Oops! I just noticed that in my previous post I wrote the wrong denominator in the sqrt for the p = 5/2 case. It should be 6 not 5. IOW
R_avg = √[(r_2^2 + r_2^(8/5)*r_1^(2/5) + r_2^(6/5)*r_1^(4/5) + r_2^(4/5)*r_1^(6/5) + r_2^(2/5)*r_1^(8/5 ) + r_1^2))/6] when p = 5/2.
Whenever there is a finite sum replacing the quotient of differences of powers the denominator, i.e. 2*p +1, is always equal to the number of terms in the finite sum.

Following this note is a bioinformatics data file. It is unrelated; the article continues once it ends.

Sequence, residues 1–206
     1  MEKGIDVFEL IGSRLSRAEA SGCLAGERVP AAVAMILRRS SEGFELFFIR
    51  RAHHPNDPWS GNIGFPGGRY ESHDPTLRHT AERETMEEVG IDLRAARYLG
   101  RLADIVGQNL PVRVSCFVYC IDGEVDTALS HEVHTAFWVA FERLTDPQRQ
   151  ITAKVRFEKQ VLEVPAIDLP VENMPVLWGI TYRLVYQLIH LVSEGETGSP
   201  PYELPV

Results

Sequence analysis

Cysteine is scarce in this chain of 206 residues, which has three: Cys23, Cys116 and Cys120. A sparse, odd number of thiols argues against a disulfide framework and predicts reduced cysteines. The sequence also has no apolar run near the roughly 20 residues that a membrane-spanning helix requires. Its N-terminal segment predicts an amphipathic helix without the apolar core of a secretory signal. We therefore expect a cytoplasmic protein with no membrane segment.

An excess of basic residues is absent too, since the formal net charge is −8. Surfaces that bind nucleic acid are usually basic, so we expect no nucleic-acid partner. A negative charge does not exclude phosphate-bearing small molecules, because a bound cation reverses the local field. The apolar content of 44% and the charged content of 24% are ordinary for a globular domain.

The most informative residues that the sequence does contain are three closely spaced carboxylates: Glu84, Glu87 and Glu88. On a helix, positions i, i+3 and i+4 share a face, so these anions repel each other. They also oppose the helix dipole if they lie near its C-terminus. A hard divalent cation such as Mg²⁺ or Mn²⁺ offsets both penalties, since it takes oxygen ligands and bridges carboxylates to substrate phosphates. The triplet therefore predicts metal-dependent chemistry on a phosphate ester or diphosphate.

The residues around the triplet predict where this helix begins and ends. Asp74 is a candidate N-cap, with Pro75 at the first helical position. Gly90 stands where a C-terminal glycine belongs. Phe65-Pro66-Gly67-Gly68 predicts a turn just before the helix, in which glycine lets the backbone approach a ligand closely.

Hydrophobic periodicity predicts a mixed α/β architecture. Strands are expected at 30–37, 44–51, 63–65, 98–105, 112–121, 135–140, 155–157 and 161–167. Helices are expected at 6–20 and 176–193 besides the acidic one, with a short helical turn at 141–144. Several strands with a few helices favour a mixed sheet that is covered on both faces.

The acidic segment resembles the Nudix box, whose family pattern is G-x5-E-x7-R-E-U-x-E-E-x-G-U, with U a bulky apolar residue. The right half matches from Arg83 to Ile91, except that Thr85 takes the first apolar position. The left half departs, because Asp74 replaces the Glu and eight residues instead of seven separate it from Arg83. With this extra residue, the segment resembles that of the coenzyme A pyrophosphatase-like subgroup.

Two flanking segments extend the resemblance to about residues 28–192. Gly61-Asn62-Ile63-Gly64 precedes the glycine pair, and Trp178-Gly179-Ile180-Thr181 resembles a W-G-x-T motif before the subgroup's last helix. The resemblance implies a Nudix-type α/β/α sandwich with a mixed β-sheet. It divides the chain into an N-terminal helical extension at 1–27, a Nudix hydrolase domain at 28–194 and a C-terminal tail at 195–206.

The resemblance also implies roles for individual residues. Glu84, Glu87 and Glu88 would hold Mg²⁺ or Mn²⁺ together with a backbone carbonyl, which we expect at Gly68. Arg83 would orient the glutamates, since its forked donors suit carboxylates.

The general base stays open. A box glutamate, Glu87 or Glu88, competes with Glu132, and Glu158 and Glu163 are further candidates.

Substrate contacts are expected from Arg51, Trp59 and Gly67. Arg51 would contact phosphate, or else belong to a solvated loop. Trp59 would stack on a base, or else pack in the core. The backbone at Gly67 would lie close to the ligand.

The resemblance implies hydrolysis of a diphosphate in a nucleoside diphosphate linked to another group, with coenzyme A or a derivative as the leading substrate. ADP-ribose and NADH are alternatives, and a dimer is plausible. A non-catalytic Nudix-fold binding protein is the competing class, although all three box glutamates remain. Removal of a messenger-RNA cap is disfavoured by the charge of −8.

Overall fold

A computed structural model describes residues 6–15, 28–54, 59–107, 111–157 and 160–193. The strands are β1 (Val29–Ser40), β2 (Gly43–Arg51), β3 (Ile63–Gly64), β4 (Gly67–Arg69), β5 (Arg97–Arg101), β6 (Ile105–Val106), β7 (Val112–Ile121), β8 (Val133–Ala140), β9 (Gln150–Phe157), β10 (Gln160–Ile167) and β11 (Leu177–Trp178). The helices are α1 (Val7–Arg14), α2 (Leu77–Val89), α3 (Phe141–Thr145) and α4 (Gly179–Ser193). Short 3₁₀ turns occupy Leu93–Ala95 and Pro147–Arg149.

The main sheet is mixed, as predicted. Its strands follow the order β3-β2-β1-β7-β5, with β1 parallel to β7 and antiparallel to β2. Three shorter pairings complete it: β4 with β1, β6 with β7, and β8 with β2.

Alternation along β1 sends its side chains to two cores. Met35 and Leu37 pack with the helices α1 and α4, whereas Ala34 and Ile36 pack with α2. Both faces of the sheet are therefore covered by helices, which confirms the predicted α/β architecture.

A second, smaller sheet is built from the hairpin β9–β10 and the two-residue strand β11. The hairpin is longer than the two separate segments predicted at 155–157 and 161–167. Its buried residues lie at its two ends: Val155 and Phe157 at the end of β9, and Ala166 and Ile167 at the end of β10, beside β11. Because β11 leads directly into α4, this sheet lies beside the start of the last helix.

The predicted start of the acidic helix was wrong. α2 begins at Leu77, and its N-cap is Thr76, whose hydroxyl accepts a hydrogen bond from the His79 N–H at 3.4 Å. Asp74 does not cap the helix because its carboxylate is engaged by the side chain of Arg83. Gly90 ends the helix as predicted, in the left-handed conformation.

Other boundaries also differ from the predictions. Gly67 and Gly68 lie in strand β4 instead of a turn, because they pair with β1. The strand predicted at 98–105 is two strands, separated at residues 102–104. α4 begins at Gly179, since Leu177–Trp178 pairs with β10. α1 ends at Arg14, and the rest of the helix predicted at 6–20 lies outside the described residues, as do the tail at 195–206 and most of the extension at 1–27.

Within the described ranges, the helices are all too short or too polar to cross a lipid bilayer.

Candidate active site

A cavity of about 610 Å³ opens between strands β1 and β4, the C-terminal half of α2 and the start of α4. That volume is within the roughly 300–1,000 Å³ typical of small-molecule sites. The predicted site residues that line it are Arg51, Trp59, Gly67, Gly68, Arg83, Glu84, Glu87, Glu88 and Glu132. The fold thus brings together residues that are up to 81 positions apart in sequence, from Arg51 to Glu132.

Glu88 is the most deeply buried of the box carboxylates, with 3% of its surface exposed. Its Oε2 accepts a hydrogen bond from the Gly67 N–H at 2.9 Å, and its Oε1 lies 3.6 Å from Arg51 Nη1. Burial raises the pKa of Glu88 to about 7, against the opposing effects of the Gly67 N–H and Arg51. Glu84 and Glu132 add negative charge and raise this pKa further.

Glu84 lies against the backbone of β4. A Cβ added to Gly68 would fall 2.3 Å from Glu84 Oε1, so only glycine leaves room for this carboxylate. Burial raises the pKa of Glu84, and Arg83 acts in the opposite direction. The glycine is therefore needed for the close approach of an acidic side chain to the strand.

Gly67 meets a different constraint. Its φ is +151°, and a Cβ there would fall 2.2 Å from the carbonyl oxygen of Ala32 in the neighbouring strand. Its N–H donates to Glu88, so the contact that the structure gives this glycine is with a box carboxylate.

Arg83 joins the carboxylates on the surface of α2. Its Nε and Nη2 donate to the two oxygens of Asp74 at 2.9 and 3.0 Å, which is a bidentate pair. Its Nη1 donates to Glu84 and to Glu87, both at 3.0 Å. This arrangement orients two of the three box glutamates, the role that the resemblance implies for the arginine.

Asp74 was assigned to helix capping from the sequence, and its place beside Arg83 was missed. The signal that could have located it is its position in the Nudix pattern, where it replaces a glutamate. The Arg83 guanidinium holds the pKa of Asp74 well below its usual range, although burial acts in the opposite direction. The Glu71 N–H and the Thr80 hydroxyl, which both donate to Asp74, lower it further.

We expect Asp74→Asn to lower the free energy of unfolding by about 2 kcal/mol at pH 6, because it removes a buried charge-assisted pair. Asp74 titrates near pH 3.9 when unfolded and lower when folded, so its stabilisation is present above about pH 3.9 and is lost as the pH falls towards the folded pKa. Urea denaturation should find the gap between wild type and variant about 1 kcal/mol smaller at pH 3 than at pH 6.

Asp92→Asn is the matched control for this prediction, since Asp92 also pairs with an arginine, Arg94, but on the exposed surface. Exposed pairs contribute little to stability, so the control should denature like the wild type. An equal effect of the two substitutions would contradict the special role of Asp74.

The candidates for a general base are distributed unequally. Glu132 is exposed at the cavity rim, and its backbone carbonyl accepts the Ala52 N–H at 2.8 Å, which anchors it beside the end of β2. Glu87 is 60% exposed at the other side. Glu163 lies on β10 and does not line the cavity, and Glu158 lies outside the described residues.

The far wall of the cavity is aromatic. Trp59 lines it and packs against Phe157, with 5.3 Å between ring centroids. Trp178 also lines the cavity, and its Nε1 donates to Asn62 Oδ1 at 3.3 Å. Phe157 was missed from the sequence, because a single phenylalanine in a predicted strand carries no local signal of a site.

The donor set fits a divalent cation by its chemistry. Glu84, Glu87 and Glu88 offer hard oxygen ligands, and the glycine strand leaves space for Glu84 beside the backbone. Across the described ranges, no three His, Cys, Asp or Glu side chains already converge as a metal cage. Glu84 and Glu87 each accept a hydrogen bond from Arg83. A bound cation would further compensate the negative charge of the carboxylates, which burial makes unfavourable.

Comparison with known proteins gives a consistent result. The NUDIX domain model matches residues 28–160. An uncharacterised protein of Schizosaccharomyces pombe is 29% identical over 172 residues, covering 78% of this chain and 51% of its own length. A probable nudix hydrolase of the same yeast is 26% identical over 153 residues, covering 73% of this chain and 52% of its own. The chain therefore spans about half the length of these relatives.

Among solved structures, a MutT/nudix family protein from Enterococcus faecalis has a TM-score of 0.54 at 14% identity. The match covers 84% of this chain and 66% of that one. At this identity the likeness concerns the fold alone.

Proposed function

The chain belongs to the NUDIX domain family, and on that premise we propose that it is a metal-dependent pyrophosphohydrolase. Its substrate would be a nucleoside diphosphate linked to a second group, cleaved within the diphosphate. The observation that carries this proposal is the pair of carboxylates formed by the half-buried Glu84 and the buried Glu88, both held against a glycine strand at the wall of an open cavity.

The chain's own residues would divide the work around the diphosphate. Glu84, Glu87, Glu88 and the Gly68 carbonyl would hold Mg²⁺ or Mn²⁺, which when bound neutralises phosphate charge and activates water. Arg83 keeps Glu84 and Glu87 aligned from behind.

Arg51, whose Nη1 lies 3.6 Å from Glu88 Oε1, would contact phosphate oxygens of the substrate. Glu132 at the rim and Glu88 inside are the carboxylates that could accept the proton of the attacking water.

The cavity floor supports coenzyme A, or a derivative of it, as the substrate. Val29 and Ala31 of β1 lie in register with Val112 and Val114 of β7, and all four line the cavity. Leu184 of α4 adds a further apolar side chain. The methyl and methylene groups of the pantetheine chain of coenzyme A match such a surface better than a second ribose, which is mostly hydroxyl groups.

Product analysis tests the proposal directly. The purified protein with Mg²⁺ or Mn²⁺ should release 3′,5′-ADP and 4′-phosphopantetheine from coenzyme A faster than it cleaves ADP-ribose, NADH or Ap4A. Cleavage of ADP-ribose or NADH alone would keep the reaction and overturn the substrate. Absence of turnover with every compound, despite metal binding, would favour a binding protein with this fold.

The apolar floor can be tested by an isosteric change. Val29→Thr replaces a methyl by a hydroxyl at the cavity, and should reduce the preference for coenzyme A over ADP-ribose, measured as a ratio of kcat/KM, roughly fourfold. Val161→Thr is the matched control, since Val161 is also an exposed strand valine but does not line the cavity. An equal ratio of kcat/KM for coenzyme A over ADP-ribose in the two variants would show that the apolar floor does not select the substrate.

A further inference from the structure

Also Tom van Baak's great post mentioning of Gauss' AGM brings up a nice relationship between elliptic integrals and the AGM which, among other things, gives a quite useful in formula the numerical evaluation of elliptic integrals in that one can use it to get a recursive formula to evaluate a complete elliptic integral of a large modulus (where the Taylor power series in the modulus converges slowly) in terms of another complete elliptic integral with a significantly smaller modulus which is much easier to evaluate. The formula can even be recursively used all the way down to a modulus indistinguishable from zero that needs no evaluation other than the π/2 coefficient in front. In particular, note for any k such that 0 ≤ k < 1 the value of K(k) can be recursively calculated using K(k) = (2/(1 + k'))*K((k/(1 + k'))^2) where k' ≡ √[1 - k^2]. The cool thing here is that the new modulus, i.e. (k/(1 + k'))^2 , is significantly smaller than the original one, k. Just a few iterations of this recursion knocks the modulus down so far that it becomes insignificant, and the complete elliptic integral can then be easily evaluated. This is useful in finding such things as the period of a simple pendulum whose maximum swing amplitude is an obtuse angle.